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5 Myths of organ donation explained

Shared from Yahoo!

Don’t believe these myths. 

Sure, it’s morbid to think about what will happen to your body after you die, but letting fear, along with myths and misinformation, keep you from becoming an organ donor also prevents you from potentially saving lives.

In fact, a single organ donor can save up to eight people’s lives, according to the U.S. Department of Health and Human Services

“People often have many misconceptions and misunderstandings about the organ-donation process,” Jenna Arnold, co-founder with Greg Segal of  ORGANIZE.org, the first central organ donor registry in the U.S., tells Yahoo Health. “Twenty-one people die every day waiting for an organ transplant — clearly, they would be helped enormously by more donor registrations.“

The organ donation process can be riddled with hearsay — and much of this false information may unnecessarily deter people from becoming a donor. Don’t be derailed by the myths and fears; here are some of the most common ones, and why they’re unfounded.

Myth: The EMTs won’t go the extra mile to save your life if you’re a registered organ donor.

That’s absolutely not true, says David Barlas, MD, assistant professor and chief of service at NYU Langone Medical Center’s Ronald O. Perelman Department of Emergency Medicine at Cobble Hill. "We always treat every patient to our maximum ability unless a health care proxy or the patient is able to tell us that they don’t want any heroic measures done, such as with terminal cancer or hospice care,” Barlas tells Yahoo Health.

The same goes for emergency medical technicians (EMTs), who don’t typically check to see if you’re an organ donor. “Unless they have a do not resuscitate [order], we will give it everything we’ve got,” Taz Meyer, an EMT paramedic and vice chair of the National Association of Emergency Medical Technicians' EMS Safety Committee, tells Yahoo Health. “We’re going to do the best we can to save them." 

In practice, EMTs don’t have access to the donor registry, notes Arnold. "It’s only after someone passes away that the donor hospital will call the local Organ Procurement Organizations (OPOs), which then search for an individual’s donation status,” she explains. 

Myth: Doctors may not wait until you’re officially declared dead to start removing organs.

Not true. Organ donors are actually given more tests to confirm death than non-organ donors, according to the Mayo Clinic. “Interestingly, more hospital staff need to sign off on a declaration of death if someone is an organ donor than if they are not because it will require additional medical procedures,” notes Arnold. “So, it may be a bit counterintuitive, but if someone had some great fear that they might one day be declared dead while they are still alive, the safest thing they can do to safeguard against that is actually to register as an organ donor.”

Myth: Organ donation is probably against your religion.

Many major religions and denominations, including Catholicism, Islam, Presbyterian, and most branches of Judaism, are not against organ donation, according to the U.S Department of Health and Human Services. If you’re not sure about your religion’s stance on organ donation, ask a member of your clergy.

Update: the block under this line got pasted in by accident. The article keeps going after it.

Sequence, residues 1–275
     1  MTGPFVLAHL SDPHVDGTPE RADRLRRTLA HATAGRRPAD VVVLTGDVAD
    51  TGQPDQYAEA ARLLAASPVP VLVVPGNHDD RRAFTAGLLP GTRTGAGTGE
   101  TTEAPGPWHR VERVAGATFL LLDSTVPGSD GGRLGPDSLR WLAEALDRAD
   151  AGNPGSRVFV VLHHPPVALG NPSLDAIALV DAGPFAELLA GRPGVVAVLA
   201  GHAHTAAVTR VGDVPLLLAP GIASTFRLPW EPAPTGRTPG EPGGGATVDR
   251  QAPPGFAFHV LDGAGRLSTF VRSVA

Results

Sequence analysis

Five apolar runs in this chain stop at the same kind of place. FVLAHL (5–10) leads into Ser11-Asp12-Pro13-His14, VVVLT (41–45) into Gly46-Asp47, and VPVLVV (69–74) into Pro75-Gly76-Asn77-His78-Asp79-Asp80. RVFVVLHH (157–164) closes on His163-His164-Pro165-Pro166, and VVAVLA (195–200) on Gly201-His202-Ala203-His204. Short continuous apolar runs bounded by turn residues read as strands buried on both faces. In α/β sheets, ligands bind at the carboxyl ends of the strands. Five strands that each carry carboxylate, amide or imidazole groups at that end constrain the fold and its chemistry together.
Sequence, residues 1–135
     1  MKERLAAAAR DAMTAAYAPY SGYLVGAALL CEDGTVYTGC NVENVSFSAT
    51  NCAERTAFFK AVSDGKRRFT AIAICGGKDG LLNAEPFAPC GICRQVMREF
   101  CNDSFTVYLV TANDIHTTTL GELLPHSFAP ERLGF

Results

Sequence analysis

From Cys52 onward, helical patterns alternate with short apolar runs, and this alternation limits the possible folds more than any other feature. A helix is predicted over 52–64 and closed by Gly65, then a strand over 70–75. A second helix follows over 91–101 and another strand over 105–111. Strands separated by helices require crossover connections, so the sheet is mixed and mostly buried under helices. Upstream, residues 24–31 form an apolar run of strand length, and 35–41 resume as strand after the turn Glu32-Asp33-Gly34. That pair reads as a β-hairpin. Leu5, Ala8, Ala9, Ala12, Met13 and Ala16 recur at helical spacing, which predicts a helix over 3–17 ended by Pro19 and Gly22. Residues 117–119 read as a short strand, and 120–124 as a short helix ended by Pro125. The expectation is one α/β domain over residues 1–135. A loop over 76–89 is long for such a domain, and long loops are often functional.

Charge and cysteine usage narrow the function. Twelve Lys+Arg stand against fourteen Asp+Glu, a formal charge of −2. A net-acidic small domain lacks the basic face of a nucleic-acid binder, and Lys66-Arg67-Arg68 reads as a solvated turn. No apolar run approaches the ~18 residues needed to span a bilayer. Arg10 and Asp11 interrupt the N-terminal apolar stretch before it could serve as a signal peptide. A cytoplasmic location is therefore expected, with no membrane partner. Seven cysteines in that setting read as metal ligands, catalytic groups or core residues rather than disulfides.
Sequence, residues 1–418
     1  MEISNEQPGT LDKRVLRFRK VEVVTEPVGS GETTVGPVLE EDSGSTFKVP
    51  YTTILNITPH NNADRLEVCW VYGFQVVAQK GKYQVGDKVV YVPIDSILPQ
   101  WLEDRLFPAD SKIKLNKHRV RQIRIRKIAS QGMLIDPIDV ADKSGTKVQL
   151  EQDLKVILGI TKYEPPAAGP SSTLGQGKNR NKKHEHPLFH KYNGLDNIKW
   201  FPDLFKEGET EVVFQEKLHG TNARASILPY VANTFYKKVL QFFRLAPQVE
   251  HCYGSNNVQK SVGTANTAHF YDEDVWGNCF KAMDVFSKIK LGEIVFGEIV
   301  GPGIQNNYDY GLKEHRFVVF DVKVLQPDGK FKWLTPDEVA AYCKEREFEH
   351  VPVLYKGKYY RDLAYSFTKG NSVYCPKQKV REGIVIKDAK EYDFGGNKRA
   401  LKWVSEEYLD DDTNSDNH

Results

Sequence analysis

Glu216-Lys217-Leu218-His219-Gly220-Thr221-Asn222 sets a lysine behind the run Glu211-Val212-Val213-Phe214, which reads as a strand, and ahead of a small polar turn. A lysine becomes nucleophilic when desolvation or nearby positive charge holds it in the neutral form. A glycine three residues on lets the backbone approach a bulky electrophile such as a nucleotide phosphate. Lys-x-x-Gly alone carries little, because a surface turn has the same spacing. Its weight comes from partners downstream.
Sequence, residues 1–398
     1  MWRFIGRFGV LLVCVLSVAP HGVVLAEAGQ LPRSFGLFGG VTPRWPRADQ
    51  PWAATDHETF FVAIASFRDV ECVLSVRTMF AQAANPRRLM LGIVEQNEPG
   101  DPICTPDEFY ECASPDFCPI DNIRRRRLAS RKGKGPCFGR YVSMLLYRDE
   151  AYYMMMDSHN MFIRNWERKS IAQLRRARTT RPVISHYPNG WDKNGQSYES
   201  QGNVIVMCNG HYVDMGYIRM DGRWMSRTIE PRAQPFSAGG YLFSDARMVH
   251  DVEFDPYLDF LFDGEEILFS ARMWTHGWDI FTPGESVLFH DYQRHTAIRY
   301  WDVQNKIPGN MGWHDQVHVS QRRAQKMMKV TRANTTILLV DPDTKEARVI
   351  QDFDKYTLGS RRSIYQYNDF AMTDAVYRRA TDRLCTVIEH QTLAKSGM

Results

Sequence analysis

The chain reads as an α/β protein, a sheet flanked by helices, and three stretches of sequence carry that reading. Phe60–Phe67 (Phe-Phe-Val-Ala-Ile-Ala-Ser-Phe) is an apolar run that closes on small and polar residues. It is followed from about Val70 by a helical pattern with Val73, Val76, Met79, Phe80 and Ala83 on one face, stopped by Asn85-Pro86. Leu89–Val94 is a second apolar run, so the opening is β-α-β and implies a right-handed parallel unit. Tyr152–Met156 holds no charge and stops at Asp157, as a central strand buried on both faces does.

Myth: If you’re an organ donor, you may end up getting drugged, kidnapped, and wake up in a bathtub of ice missing a kidney, which will be sold on the black market.

This is a classic urban legend and has more in common with a horror movie script than reality. “Also, from a practical standpoint, if some lunatic wanted to kidnap you and procure your organ, we can guarantee that they don’t care whether or not that individual was a registered organ donor,” says Arnold.

Myth: You’re too old to donate. 

There is no age cut-off — young or old — to becoming a donor. “While not all deaths lend themselves medically to transplantation, and not all organs are necessarily viable for transplant for every donor even if their death was medically eligible, it is always best to register as a donor and let the medical team later decide whether or not your organs are suitable,” Arnold explains.

She adds: "People sometimes think they are helping a potential recipient by sparing them their organs, which they assume are too old or too sick, but the best thing you can do is always to register as a donor. Even if you are older, there may be a recipient of the same age as you who is a perfect match for your organ." 

If you’d like to become an organ donor, you can register through your local department of motor vehicles, the U.S. Department of Health and Human Services, or through ORGANIZE.org, which passes registration information to the appropriate registry in 38 states on your behalf. "When someone registers on our site, the first question we ask for is their ZIP code, which we then use to mirror the exact registration process in each state, and then flow that donor’s information directly into the appropriate registry,” explains Arnold. “This makes ORGANIZE the only site in the country that spans across almost all states, while also meeting each state’s registration laws. This is a huge step forward, sparing most Americans the hassle of trying to find their state specific registration platform.”

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